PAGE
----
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Study: YouTube Users Eschew DVD, TV, Ads

30 Jan, 2007 By: Erik Gruenwedel

About 32% of frequent visitors to YouTube said they are watching less television and 73% indicated they would stop visiting the popular community Web site if it started implementing advertising into its reported 70 million daily video stream views.

The results from a study by Harris Interactive found that 66% of 2,309 respondents who visit YouTube said they regularly sacrificed other activities to visit the site, including 20% who stopped email and other online social networking, 19% who reduced the amount of time devoted to homework, video games (15%), watching DVDs (12%) and spending times with family and friends (12%).

“It has really emerged as a major force in, and problem for, the traditional entertainment industry,” said Aongus Burke, senior research manager of Harris Interactive's media & entertainment practice. “Not only is YouTube using a lot of their own content to steal the eyeballs they want the most, the site has provided a launching pad to wholly new forms of user-generated video entertainment that are gaining popularity quickly.”

The study found that 76% of males (69% of females) ages 18 to 24 (a highly coveted demographic among marketers) watched videos on YouTube compared to entertainment sites, including from TV networks (37% for males, 32% for females).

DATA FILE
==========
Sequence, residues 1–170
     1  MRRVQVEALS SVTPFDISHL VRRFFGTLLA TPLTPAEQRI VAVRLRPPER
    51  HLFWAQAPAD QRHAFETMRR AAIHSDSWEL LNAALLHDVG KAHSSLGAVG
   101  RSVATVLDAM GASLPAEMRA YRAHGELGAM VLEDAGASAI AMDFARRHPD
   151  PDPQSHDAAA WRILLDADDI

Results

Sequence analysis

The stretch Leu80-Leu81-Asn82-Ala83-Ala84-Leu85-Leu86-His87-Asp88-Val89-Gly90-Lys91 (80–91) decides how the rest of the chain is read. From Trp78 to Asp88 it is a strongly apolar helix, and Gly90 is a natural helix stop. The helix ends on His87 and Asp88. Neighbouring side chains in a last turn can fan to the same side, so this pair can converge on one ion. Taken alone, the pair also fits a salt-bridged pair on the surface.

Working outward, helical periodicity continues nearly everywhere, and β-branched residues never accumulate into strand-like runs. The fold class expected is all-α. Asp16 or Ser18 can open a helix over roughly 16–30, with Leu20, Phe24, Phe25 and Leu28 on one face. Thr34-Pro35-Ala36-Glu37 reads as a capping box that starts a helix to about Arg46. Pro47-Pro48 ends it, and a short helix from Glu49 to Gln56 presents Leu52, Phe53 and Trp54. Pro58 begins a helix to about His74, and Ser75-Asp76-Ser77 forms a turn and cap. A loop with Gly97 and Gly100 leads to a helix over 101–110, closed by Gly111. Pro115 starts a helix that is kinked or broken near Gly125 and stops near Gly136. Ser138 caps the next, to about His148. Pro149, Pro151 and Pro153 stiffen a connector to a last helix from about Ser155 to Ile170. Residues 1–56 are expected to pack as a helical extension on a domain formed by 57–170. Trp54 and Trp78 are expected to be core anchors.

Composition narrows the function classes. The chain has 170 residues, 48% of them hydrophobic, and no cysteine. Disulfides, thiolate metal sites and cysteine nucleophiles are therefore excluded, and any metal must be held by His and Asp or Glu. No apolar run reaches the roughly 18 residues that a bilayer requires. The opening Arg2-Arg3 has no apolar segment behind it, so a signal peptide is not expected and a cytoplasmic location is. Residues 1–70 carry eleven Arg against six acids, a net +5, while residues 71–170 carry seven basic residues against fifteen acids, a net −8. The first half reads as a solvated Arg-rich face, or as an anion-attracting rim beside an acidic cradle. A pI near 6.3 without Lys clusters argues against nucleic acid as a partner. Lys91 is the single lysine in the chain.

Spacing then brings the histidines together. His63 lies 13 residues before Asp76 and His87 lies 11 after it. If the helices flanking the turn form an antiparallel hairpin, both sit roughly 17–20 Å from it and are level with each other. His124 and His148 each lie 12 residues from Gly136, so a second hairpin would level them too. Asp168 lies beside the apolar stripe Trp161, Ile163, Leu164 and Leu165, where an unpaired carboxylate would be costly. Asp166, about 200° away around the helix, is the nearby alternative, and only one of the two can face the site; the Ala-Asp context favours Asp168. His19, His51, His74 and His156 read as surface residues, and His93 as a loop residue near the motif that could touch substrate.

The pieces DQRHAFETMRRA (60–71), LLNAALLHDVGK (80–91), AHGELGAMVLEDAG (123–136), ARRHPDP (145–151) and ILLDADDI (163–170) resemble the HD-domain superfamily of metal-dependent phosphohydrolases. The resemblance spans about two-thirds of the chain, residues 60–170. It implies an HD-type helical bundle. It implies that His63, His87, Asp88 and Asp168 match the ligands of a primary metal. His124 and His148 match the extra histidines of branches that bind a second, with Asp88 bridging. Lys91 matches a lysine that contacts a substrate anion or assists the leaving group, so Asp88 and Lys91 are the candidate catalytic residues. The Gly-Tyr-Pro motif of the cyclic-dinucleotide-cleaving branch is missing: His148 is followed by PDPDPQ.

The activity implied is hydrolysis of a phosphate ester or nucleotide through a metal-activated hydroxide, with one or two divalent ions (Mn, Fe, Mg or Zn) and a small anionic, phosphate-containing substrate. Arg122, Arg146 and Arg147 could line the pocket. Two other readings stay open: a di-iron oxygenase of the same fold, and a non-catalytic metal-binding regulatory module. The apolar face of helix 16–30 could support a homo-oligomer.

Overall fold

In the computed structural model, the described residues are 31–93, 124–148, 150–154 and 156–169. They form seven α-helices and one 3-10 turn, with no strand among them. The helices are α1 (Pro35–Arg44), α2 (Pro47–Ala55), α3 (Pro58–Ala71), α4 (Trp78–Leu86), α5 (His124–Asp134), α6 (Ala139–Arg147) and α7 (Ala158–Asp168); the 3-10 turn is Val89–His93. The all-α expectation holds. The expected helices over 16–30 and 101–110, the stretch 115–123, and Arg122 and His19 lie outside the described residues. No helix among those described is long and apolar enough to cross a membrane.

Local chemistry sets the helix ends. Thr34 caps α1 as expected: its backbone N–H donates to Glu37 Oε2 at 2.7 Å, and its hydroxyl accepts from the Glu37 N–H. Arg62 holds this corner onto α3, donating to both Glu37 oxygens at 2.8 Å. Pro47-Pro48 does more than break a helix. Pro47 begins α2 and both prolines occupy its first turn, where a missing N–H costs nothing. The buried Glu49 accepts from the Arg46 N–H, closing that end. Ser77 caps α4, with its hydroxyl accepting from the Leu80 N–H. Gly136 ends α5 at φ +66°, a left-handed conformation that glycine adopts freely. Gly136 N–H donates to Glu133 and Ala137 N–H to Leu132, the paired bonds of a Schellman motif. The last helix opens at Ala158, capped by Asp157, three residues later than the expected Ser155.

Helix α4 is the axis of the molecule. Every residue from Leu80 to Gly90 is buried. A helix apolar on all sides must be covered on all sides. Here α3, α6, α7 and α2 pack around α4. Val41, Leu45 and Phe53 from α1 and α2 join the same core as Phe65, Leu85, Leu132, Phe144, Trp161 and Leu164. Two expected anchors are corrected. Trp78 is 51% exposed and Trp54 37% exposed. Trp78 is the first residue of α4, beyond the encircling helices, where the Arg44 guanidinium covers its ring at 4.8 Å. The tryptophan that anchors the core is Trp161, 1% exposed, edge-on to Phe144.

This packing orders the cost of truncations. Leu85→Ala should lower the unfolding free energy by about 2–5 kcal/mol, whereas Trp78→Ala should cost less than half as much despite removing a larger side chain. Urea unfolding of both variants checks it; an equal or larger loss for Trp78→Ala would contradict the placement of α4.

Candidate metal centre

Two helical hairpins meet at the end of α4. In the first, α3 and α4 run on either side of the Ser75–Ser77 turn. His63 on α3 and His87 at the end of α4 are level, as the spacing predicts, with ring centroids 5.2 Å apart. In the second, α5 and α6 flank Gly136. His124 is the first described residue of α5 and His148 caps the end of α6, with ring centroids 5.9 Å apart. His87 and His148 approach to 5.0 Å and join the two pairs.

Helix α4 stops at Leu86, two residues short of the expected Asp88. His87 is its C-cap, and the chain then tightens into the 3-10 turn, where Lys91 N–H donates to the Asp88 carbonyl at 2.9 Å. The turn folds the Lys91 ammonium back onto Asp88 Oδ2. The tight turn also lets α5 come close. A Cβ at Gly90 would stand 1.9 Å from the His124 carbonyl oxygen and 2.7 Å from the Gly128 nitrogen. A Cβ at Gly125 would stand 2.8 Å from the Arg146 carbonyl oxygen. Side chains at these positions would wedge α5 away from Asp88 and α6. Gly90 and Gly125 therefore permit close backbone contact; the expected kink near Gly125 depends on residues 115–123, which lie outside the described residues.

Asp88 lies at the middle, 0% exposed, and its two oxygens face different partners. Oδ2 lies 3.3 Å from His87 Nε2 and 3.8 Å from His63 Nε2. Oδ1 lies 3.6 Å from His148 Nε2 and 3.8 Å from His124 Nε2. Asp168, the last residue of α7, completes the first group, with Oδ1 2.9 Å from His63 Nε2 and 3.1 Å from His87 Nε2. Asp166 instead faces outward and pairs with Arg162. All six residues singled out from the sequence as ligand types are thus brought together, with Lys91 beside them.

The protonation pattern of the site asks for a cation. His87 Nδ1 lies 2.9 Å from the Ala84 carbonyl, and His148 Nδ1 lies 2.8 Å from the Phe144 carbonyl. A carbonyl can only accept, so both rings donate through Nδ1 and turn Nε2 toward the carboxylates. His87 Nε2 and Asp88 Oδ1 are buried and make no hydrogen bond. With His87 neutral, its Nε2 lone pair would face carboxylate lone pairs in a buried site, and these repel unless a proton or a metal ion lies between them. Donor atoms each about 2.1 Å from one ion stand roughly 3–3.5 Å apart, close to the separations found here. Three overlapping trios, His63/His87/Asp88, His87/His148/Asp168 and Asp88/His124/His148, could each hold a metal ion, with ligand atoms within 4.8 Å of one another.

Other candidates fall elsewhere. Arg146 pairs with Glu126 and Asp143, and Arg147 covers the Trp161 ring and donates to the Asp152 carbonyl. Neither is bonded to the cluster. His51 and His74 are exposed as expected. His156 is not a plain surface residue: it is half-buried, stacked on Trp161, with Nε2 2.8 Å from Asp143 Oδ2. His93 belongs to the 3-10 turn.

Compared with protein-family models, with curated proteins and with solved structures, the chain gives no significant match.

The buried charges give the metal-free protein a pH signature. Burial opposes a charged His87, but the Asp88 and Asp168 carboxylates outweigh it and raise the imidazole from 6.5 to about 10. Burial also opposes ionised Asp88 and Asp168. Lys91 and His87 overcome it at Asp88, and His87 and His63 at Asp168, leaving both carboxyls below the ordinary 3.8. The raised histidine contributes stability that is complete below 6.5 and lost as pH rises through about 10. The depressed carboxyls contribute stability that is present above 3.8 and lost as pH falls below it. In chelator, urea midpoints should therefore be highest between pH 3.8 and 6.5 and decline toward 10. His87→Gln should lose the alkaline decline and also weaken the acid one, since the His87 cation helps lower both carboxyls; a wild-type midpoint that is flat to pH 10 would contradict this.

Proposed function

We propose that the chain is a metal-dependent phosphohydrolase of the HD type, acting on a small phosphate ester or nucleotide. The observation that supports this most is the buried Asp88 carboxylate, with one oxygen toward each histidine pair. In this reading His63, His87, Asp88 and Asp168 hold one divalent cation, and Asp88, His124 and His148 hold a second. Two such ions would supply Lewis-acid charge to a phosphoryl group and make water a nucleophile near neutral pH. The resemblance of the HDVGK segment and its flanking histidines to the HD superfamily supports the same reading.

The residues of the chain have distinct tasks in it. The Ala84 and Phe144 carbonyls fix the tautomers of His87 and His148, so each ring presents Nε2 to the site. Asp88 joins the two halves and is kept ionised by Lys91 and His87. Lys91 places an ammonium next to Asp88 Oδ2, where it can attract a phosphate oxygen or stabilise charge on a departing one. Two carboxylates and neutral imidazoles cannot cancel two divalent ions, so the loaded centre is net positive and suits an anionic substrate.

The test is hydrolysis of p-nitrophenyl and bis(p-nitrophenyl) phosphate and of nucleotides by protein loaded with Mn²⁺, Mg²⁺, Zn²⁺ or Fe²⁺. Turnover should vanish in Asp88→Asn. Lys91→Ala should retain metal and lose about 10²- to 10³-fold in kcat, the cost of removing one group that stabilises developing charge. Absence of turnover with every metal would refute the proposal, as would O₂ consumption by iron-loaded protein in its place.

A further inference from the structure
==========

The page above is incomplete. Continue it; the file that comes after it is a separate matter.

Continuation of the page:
This would appear to contradict network research that found Internet sites streaming content related to prime-time TV programming enhanced the TV viewing experience.

“We have found that a small incremental number of viewers would watch online instead of on the TV,” Vivi Zigler, EVP of digital entertainment and new media for NBC Universal, told an entertainment panel last week. “About three times more will watch a show again on the Web or watch a missed episode, special effect or clue they missed on the TV broadcast. TV viewership has actually increased.”

Indeed, Burke said research indicated that among adult respondents (over 25) 41% said they had watched a video on a TV network site compared to 42% who watched video on YouTube.

“Consumers as a rule are not averse to watching commercials online in order to catch an episode of a TV show they would otherwise miss,” said Burke. “Yet those who are accustomed to finding and watching everything for free at YouTube may have developed a very different set of expectations for the site.”

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